Friday, February 25, 2000

You Reap What You Sow

Do not be deceived: God cannot be mocked. A man reaps what he sows. The one who sows to please his sinful nature, from that nature will reap destruction; the one who sows to please the Spirit, from the Spirit will reap eternal life. (Galatians 6:7-8)

"Who wants to marry a multi-millionaire?" They should have called it "Who wants to make a mockery of God" or "Who wants to watch two people completely remove God from their union?" Twenty five million people tuned in to watch two complete strangers give themselves to each other in "holy" matrimony. What a joke. Unfortunately, it was a perfect description of the sad state of affairs our society is in.

Prayer was removed from schools years ago, and now we all reap the results on a regular basis with shooting after school shooting. Now God is slowly but surely being removed from marriage as well. Divorce rates are skyrocketing, states are starting to recognize homosexual marriages, and people are getting married not because of love but for money or a tax break.

God was the author of marriage way back to the Garden of Eden: "Then the Lord God made a woman from the rib he had taken out of the man, and he brought her to the man. The man said, 'This is now bone of my bones and flesh of my flesh; she shall be called woman for she was taken out of man.' For this reason a man will leave his father and mother and be united to his wife, and they will become one flesh." (Genesis 2:22-24). One can be sure last week's two hour special was scripted by a different author.

In four short months, Dee and I will be making the same vows to each other in front of about 25 million fewer viewers. But as long as the original author is tuned in (not just on July 1st but every day of our marriage), we will reap His blessing. My heart goes out to those who choose to make a mockery of Him, for they will reap something entirely different.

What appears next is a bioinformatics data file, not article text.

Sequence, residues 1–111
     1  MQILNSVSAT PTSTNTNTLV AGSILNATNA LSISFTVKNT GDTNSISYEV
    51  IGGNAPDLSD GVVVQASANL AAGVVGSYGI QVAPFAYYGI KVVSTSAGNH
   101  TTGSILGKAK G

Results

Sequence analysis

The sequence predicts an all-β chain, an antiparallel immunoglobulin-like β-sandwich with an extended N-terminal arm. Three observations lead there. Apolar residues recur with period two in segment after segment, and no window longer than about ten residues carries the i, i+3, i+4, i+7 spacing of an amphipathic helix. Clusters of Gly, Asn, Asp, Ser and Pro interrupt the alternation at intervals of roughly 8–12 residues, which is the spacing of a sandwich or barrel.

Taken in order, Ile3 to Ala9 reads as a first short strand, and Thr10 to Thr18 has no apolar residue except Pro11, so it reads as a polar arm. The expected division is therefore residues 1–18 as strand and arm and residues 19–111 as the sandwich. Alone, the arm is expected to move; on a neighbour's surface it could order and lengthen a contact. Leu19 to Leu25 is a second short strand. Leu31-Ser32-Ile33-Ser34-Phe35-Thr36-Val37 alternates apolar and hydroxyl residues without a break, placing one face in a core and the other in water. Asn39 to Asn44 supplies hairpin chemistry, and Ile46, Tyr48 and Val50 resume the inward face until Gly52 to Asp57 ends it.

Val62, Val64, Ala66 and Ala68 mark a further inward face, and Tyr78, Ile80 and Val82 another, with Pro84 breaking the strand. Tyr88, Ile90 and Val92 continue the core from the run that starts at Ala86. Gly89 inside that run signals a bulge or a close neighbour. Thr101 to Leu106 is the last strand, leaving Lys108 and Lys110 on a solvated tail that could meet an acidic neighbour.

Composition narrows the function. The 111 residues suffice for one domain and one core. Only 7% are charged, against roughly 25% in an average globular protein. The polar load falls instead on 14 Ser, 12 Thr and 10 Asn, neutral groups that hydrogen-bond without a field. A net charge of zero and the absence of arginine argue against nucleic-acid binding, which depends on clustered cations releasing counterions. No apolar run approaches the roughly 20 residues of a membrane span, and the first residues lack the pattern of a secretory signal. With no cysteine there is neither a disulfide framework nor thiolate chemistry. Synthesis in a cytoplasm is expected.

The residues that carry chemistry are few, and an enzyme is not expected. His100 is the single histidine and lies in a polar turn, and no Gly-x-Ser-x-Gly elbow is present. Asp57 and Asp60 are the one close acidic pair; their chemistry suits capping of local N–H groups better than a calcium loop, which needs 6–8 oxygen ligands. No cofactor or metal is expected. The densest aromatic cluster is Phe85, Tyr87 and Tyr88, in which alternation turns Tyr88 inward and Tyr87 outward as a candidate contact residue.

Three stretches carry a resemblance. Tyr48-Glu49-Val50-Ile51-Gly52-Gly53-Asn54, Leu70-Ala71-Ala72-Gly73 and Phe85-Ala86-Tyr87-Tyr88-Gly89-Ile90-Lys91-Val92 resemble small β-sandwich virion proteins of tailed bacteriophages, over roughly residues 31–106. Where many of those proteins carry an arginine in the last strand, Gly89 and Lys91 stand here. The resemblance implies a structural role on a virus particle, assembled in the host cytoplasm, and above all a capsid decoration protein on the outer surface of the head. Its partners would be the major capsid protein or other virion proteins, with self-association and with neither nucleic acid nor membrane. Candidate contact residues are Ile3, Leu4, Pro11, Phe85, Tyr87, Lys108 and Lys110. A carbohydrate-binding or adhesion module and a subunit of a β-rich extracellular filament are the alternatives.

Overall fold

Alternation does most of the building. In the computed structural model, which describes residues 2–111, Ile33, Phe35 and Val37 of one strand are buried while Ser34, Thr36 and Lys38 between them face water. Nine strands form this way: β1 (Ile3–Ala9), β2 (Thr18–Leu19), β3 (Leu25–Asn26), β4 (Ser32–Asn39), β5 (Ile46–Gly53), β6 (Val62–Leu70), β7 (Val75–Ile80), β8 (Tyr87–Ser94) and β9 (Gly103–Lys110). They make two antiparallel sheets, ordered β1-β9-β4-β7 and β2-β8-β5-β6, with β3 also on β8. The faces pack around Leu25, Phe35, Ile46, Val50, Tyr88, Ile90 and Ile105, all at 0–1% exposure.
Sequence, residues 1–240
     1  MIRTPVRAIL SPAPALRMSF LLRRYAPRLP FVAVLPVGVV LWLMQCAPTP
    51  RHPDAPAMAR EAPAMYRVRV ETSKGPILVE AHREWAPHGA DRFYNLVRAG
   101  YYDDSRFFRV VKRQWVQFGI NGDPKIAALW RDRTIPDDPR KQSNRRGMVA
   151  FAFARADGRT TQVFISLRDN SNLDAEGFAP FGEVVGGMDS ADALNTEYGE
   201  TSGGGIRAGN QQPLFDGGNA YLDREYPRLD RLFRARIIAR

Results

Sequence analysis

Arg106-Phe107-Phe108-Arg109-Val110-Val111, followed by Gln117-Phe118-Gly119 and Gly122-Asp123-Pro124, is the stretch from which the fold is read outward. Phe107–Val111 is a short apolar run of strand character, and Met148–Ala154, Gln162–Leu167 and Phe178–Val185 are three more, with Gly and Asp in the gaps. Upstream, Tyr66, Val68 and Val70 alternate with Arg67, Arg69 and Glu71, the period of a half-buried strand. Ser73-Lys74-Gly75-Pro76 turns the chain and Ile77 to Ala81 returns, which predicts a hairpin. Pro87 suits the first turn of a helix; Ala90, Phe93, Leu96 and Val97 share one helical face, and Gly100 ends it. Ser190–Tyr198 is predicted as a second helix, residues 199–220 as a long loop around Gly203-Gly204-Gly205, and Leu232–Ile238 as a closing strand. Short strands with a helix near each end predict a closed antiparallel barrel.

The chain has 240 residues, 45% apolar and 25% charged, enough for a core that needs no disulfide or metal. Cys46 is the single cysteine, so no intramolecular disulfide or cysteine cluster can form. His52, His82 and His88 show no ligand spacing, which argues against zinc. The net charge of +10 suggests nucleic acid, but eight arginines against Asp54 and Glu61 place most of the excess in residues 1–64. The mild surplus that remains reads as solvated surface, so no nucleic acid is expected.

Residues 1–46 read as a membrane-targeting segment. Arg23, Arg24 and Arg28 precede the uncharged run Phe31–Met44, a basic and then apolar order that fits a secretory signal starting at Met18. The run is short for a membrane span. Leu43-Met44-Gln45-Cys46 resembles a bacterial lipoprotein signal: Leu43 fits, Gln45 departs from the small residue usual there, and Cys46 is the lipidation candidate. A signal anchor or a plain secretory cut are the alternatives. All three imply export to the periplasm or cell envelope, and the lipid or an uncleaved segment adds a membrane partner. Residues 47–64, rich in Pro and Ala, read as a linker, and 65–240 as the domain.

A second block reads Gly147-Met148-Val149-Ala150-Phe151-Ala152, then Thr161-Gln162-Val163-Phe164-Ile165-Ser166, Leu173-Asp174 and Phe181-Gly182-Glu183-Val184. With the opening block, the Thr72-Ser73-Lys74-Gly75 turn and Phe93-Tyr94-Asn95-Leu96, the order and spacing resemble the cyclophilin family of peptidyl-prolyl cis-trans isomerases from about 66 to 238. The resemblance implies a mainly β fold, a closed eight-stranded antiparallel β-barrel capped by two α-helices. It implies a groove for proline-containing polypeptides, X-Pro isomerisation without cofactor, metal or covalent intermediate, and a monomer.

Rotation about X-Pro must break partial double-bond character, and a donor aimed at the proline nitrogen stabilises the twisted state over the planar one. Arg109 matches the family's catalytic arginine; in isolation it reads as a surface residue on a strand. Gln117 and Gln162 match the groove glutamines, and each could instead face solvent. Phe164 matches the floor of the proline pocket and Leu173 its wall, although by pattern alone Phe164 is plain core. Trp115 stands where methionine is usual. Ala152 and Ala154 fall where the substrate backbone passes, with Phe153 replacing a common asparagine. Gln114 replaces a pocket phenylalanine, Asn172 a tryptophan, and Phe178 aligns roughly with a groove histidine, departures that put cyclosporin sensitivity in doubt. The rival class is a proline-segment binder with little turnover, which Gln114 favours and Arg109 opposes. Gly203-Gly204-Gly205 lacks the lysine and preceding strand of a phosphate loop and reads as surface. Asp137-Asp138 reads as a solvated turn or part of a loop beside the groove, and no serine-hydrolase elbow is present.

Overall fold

Monday, February 14, 2000

My Greatest Love

My command is this: Love each other as I have loved you. Greater love has no one than this, that he lay down his life for his friends. (John 15:12-13)

Another Valentine's Day has arrived; a day of flowers, candy, romantic dinners, etc. Before I met Dee, Valentine's Day was a day I dreaded; it was the one day out of the year that reminded me like no other just how single and alone I was.

But five months from marriage, I am as equally thankful to have a special person to share the day with as I am remorseful at having felt single and alone all of those years. Truth be told, I never was. The greatest love I've ever known and ever will - Jesus Christ - was ever willing to spend each Valentine's Day with me; I just chose to be bitter and ignore Him instead. How could He sit idly by as another calendar year passed me by? Wouldn't He ever provide the woman of my dreams??

If I could turn back the hands of time to each February 14th for the past several years I would. I would replace those feelings of emptiness with feelings of love and appreciation for all that Christ had done for me. I would spend each of those days not feeling like a failure, but reflecting upon Him instead:

I would think about Christ's last days on earth and what it must have felt like to be:

  • Betrayed with a kiss by one of His own
  • Denied by His closest friend not once, not twice, but three times (all in the same night)
  • Arrested and convicted for doing no wrong